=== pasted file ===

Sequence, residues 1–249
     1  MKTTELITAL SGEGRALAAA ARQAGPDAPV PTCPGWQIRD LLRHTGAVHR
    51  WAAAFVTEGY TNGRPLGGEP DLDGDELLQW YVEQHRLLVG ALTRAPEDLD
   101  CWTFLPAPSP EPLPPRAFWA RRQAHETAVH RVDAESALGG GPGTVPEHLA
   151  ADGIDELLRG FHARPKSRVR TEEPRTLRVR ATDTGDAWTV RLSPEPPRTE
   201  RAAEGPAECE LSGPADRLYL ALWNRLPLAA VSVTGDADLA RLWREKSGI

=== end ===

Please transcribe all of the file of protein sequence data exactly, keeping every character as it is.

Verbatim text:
Sequence, residues 1–249
     1  MKTTELITAL SGEGRALAAA ARQAGPDAPV PTCPGWQIRD LLRHTGAVHR
    51  WAAAFVTEGY TNGRPLGGEP DLDGDELLQW YVEQHRLLVG ALTRAPEDLD
   101  CWTFLPAPSP EPLPPRAFWA RRQAHETAVH RVDAESALGG GPGTVPEHLA
   151  ADGIDELLRG FHARPKSRVR TEEPRTLRVR ATDTGDAWTV RLSPEPPRTE
   201  RAAEGPAECE LSGPADRLYL ALWNRLPLAA VSVTGDADLA RLWREKSGI